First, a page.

Fingertip Season 2 Web Series Review: An engaging take on a pertinent set of issues
While this is an altogether fresh season, there are not many differences from the first. In fact, it is both a standalone season and a sequel
Remember the one dialogue that our parents had for every problem plaguing our lives? ‘This is what happens when you are always on your phone.’ Although it was infuriating to receive this response to certain problems, one can’t argue that they were right at times. In many ways, director Shivakar Srinivasan’s Fingertip Season 2 is the web series equivalent of that ominous warning. It tells us how most of our problems can be solved by more careful usage of that palm-sized electronic device in our hands.
While this is an altogether fresh season, there are not many differences from the first. In fact, it is both a standalone season and a sequel. The first season was treated as a proper anthology with five different stories dealing with five specific internet applications that have the potential to wreak havoc in our lives. In the second season, we once again have five stories, but it is treated as a series. Narratives run parallel this time around, and seamlessly coalesce at multiple points throughout the season.
Cast: Prasanna, Regina Cassandra, Aparna Balamurali, Vinoth Kishan, Kanna Ravi, Sharath Ravi
Director: Shivakar Srinivasan
Streaming on: Zee5
Fingertip Season 2 is about how the individual stories of a psychiatrist (Aparna Balamurali), a food delivery executive (Vinoth Kishan), a cop (Prasanna), an actress (Regina Cassandra), a high-performing troll (Kanna Ravi), and a perfume shop owner (Sharath Ravi) unfold in dramatic fashion, and in the process, preaches to the audience the vagaries of the digital world. However, it doesn’t take the easy way out by putting all the blame on the technology, but keeps it squarely on the humans behind the tech. But then, one can’t help but wonder about the intent of a series like Fingertip. Is it to tell a story, however scary it is, or is it to make us feel a morbid fear in even reaching out to our phones. However, it is understandable that the makers chose to use this style of narrative because the issue is pertinent and immensely threatening.
Various issues like hacking, trolling, cyber-bullying, deepfakes, non-consensual video recordings of sex, etc… are dealt with in Fingertip season 2. It is smart that the writers chose to mount this season as a series because this allows a lot of these issues to be organically moulded into the narrative with a lot of finesse. Barring the storyline of Regina Cassandra, every other story has a direct connection with each other. The starry world fronted by Regina deals with body image issues, and whether she makes peace with them… Such issues are largely brushed away under the carpet as ‘rich people’ problems. While points to the writers for tackling such topics, the writing in this segment doesn’t really sell the concept hard enough. This distance from the other stories makes it a bit harder to relate with, and the only ‘takeaway’ comes across more like a sermon and less as a shared experience.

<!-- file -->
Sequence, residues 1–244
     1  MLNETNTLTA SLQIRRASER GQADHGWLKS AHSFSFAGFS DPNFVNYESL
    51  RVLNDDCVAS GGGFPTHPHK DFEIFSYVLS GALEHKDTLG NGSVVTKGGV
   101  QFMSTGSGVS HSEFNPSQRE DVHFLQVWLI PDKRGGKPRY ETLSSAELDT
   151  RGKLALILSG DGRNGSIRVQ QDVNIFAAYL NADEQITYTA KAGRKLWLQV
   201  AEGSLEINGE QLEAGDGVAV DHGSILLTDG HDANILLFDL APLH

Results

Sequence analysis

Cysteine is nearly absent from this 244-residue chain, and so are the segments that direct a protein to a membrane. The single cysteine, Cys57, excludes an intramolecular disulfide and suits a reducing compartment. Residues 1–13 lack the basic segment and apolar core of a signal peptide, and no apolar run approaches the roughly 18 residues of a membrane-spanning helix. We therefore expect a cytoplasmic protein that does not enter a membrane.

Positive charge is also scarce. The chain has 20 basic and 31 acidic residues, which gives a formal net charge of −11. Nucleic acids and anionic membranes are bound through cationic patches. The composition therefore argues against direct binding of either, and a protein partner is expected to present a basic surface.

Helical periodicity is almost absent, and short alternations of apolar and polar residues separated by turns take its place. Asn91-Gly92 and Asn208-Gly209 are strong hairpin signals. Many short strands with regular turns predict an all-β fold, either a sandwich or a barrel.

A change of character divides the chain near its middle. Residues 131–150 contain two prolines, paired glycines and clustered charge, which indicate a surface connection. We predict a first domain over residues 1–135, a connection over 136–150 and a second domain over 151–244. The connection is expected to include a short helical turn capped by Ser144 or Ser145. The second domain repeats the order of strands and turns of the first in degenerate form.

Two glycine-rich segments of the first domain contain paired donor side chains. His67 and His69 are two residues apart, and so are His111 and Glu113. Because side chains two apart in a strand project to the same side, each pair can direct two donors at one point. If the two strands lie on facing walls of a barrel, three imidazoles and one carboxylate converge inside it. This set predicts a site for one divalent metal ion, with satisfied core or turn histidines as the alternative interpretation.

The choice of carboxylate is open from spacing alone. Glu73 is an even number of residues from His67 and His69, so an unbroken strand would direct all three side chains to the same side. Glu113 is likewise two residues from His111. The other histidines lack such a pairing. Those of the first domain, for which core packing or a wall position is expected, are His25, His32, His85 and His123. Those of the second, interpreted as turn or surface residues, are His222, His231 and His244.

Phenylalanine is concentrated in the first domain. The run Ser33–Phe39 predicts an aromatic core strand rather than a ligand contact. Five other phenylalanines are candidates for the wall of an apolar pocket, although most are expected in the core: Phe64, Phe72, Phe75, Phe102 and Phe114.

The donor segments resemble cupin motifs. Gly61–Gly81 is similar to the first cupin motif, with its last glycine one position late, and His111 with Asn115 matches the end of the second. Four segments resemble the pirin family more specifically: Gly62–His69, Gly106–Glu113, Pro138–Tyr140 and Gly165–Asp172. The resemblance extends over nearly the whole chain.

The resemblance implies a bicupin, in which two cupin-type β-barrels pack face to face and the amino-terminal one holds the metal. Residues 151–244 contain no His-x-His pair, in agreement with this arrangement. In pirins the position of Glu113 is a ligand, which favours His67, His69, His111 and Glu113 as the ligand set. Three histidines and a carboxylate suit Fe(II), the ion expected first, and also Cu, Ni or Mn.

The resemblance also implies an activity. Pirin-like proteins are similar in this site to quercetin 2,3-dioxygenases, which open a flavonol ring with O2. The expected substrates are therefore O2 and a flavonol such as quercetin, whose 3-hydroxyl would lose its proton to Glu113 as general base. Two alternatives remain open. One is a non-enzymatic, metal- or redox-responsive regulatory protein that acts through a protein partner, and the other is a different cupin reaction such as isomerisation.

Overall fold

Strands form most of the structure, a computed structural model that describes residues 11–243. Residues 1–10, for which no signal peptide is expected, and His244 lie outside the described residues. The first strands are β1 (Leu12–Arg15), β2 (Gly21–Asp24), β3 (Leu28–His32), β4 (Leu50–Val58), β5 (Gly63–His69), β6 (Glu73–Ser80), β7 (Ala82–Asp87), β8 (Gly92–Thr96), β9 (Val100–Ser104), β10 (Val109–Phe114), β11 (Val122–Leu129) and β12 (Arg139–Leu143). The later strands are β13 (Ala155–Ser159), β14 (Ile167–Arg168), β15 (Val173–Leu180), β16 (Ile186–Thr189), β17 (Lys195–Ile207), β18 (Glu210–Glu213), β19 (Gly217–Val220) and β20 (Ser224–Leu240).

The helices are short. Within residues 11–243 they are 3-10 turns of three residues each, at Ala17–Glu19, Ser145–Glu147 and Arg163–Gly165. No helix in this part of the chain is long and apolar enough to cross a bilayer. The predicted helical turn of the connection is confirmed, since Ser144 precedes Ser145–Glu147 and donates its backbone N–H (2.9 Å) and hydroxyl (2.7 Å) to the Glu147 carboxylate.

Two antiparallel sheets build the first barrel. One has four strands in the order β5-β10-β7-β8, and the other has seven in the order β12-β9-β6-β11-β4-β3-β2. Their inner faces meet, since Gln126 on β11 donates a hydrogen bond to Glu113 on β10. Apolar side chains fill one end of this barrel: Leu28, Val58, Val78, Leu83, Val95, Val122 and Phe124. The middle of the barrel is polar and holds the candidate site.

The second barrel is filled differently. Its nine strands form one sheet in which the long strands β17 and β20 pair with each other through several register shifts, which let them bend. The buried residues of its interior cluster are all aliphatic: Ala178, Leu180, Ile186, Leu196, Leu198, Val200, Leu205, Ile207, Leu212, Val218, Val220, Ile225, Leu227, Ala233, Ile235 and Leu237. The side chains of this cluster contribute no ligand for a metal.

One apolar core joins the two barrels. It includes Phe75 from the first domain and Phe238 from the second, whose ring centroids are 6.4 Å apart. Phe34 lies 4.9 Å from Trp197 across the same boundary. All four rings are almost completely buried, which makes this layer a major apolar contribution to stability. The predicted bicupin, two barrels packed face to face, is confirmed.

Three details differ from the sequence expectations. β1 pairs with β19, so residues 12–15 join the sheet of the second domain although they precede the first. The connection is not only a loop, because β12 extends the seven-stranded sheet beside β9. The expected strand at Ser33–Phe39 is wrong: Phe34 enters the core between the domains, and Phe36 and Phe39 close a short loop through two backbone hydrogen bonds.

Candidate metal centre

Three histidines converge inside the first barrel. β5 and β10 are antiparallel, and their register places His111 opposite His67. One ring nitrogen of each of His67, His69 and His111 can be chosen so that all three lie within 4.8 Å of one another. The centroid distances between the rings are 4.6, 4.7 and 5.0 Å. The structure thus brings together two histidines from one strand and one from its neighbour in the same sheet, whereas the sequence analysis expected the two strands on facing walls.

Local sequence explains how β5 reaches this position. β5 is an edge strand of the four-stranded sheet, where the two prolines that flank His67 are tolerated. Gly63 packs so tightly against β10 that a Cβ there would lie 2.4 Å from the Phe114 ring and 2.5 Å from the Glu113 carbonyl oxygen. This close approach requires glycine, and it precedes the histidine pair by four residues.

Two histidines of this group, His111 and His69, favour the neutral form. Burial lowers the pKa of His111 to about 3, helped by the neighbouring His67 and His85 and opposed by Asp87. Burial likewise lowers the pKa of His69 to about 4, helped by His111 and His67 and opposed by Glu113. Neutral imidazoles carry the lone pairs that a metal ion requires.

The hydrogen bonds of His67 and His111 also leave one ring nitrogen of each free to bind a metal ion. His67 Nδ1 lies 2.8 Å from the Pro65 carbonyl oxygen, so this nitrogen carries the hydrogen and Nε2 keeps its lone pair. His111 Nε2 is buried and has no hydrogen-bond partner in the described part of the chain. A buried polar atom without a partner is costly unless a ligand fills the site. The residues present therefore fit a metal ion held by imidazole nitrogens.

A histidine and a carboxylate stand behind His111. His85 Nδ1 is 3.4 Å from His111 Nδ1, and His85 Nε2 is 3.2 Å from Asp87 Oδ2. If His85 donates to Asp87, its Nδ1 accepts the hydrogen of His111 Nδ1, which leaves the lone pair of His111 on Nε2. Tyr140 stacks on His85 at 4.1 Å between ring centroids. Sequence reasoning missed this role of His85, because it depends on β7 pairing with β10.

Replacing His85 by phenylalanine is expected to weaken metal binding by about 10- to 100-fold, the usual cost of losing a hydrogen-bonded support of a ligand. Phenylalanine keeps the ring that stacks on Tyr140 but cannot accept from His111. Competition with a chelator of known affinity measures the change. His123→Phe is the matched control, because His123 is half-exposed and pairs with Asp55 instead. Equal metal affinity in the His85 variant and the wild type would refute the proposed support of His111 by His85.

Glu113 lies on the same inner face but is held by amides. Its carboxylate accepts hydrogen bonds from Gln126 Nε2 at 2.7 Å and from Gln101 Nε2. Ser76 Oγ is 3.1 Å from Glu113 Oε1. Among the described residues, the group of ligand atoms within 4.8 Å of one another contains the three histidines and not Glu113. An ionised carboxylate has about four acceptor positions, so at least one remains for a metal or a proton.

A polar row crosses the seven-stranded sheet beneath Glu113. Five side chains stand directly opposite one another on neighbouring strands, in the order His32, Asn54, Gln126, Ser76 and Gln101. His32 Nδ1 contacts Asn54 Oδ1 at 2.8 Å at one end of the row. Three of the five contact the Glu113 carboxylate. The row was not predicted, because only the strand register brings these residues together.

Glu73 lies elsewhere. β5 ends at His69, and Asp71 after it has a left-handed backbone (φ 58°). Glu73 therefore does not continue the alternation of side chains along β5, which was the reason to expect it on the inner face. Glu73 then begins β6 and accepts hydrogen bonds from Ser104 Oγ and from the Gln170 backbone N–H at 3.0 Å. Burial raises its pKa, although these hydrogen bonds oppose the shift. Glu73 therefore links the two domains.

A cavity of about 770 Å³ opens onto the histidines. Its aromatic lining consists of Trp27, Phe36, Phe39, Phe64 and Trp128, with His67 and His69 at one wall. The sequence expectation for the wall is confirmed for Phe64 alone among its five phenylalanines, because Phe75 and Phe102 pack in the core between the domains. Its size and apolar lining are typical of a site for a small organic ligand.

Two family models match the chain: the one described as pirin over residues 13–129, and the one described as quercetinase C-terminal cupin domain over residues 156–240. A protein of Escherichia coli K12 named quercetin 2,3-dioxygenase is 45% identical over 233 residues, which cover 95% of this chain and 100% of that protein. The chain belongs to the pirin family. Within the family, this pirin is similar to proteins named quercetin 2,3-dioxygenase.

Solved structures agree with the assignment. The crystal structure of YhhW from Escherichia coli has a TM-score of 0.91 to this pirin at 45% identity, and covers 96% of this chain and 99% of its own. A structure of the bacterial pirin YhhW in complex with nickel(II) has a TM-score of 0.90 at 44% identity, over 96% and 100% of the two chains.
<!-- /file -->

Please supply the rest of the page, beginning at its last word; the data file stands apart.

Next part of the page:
There are no such problems when it comes to the other arcs because most of us can see ourselves either being part of the problem or even the victim. Such content thrives on making the audience be part of the narrative, and the writing mostly works but misses a trick or two when it keeps us at an arm’s length at times. Nevertheless, Shivakar puts forward some strong points when it comes to dealing with the horrors of the internet. I particularly liked how the leaked sex videos scandal is handled by the women. When a distraught dad wants to pay off the blackmailer who has a video of his daughter, it is the mother who stands her ground and says, “Let him leak the video. If we stand by our daughter, what does she have to fear? Who can do anything to her?” This is something that resonated across the stories. It is the women who take the all-important step to reclaim their individual choices.
By playing what is easily the series’ most unique character, Regina once again proves that she is a powerhouse performer who definitely needs to get the roles she deserves. The same can be said for Vinoth Kishan and Kanna Ravi too. They play two sides of the same coin, and it is interesting how the contrast in their character arcs is brought to the fore. One trolls for a profession and the other does it out of a night’s error in judgement, and it is the latter who goes through tumultuous times to get rid of the guilt. It is an interesting parallel to see how the one who is remorseful suffers bigger consequences. Prasanna has a strong emotional arc, which is not often seen in cop roles, and he delivers a convincing performance. Another interesting character sketch is that of Aparna, and I particularly liked how Shivakar and Roju have used most of these roles to make the audience question their own prejudices.
Another impressive aspect of Fingertip Season 2 is how it advocates the need for non-bottling up feelings and finding an outlet to ask for help. The outlet could be friends, families, or trained professionals, and this is a solid move forward when it comes to the representation of the after-effects of relentless digital damage. In fact, Fingertip is a series that can afford to be preachy, and it is heartening that the writers know when to go all in, and when to rein it in. Basically, Fingertip season 2 is the web series equivalent of one other oft-repeated statement on social media — It is important that we are smarter than our smartphones. But are we? Well… let’s not give unnecessary permissions to one more app to know that.